What's going on with the weather?

Bad weather
Image caption The reasons for changing weather are not fully understood

Treat the following news with caution. And, whatever you do, don't blame the weather people. Or me.

But the next few weeks in Britain are likely to be - wait for it - cooler than average.


Forecasts looking that far ahead are not usually released with a huge fanfare because the people who produce them aren't sure of them.

The more distant the forecast, the greater the difficulty of getting it right. So many things can change to make the weather better than expected - or worse.

Don't dwell on the graph lower down this page if you are hungry for sunshine.

It is from the European Centre for Medium-range Weather Forecasts, based in Reading, and it is an assembly of a wide range of different weather forecasts.

The idea is that you bundle them together and see what most of them suggest.

They could all be wrong, of course. But generally this "ensemble" of projections is a useful way of picking out a trend.

The thick line across the middle shows the average temperature for this time of year in Coleshill in the West Midlands.

The red squiggles show the different forecasts. A few do point to warmer-than-average temperatures, which could be cheering, but most of the forecasts are for the opposite, which won't be.

The thick green line shows the average of all the forecasts - and this is also well below average. I won't bother saying sorry any more.

Jet stream

Generally, the advent of satellites to watch the weather systems and supercomputers to crunch the numbers has led to a massive increase in the accuracy of forecasting, especially over the next few days.

But what is progressing far more slowly is an understanding of exactly why we get the weather we do.

Image copyright ECMWF

I tried to tackle this question last year and I am getting a wave of déjà vu exploring it all over again.

A possible starting point is the now infamous jet stream. In recent years we have heard a lot about this great atmospheric river flowing in the wrong place and ruining our summers.

The basic rule is that if you're to the north of the jet stream during the summer, your weather is worse than normal, meaning cooler and wetter; if you're south of it, conditions are drier and warmer. And right now, most of Britain is on the wrong side of the line.

But the jet stream only flows the way it does because it's pushed and shaped by a range of huge forces that scientists have not fully grasped: the battles of the air masses, the stirrings of the oceans, the tumult on the surface of the Sun.

And maybe our own greenhouse gases are a factor as well, warming the atmosphere and allowing it to hold more moisture. The jet stream is merely a symptom of underlying factors, a puppet of greater powers.

That is what Tuesday's gathering of weather specialists at the Met Office in Exeter was all about - exploring what is known and what is not known about the key influences.

Extreme seasons

Image copyright NASA
Image caption Ocean current changes may influence weather

The talks looked at three extreme seasons: our cold spring this year, our wet summer last year and the freezing winter of 2010-11.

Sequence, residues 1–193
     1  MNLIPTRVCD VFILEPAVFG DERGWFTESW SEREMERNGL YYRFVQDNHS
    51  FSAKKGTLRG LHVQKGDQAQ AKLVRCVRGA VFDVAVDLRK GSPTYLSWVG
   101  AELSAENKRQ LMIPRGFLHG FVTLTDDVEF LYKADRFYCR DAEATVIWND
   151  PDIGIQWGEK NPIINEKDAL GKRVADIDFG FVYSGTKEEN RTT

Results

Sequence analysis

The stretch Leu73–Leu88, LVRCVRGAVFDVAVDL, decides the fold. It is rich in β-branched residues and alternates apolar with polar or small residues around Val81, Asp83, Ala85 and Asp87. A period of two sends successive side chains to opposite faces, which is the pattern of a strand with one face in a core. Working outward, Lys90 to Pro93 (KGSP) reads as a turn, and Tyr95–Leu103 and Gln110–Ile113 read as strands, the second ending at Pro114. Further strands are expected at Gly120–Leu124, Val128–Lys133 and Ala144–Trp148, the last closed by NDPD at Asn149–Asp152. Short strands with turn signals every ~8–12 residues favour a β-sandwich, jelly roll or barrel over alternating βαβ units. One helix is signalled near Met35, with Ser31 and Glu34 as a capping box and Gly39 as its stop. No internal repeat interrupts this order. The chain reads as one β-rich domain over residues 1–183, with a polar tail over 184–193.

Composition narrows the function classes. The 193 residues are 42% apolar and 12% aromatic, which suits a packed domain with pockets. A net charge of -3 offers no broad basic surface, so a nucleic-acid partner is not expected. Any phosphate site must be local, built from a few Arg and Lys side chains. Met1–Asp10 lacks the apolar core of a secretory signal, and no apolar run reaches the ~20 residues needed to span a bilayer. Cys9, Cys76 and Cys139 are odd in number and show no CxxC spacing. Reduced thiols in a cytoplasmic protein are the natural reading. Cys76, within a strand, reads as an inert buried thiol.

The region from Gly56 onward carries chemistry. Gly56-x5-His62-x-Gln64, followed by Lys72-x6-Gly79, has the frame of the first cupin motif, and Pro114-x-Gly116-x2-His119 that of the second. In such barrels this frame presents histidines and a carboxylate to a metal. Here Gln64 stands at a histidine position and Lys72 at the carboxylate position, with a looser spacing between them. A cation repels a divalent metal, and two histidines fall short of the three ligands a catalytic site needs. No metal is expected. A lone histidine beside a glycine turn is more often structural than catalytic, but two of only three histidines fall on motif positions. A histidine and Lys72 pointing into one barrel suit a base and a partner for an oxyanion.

One line of research suggests that colder winters may be linked to changes in the Sun's ultraviolet output.

Data apparently show a possible connection - but the precise mechanism is not yet fully understood.

Another angle points to the recent massive summer melting of Arctic sea-ice - which retreated to a 30-year record last September.

The idea is that a warmer Arctic reduces the difference in temperature that normally exists between the hot tropics and the cold polar regions - a difference that forms a fundamental driver of the oceans and air as the planet tries to redistribute heat. Warm the Arctic and you destabilize weather patterns, maybe.

A third line of investigation is into the oceans, those vast bodies of water that absorb and release gargantuan quantities of heat.

A research paper last year suggested that the temperature of the surface of the North Atlantic was linked to British weather, and that the ocean went through cycles of heating and cooling lasting several decades.

And - in case you're wondering - the last cycle started in 2007 and may last another 5-10 years at least. Depressing, unless these researchers are wrong.

Yet another factor is the amount of moisture in the air. As the atmosphere warms, it can hold more water - and the level has risen by about 4% over the past 30 years. Damper air means damper weather. Probably.

Much to learn

When I joined a research flight last year the scientists were open about what they still don't know, as they flew into a weather front to gather data about temperature, humidity and pressure.

No surprise, the Met Office meeting did not produce any startling conclusions. Instead it pointed to areas where more research is needed (though scientists always say that more research is needed.)

For reasons that are not fully clear, the Met Office itself seemed curiously coy about this gathering.

None of us could sit in to follow the debate. We weren't even allowed to film the opening minutes of the session, which is common practice at all kinds of events.

Was the shyness because of memories of the mishandled and notorious 'barbecue summer' forecast?

Or nervousness at climate sceptics finding fault with every detail?

Or fear of the media misunderstanding the delicacies and uncertainties of a complicated craft and distorting some point with hype and headlines?

Or was there concern that we might peer into the thickets of science with its myriad challenges and conclude that the answer to the question: "What's going on with the weather?" is a rather disappointing and potentially embarrassing damp squib: "We don't really know".